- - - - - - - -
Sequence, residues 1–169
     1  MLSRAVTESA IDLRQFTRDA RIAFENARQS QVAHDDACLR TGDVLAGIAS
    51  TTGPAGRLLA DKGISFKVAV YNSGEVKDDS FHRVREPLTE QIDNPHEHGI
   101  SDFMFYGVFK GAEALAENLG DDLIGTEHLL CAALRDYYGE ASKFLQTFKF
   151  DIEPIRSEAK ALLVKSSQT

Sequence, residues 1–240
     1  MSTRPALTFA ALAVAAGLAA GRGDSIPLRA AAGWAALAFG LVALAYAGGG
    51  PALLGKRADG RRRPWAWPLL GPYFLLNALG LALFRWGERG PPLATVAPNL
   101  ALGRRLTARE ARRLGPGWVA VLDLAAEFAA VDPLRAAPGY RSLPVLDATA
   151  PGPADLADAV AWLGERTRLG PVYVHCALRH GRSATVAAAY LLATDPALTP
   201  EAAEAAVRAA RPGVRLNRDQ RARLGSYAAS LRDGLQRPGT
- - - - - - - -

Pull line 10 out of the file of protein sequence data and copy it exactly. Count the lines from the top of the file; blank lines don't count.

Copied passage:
   151  PGPADLADAV AWLGERTRLG PVYVHCALRH GRSATVAAAY LLATDPALTP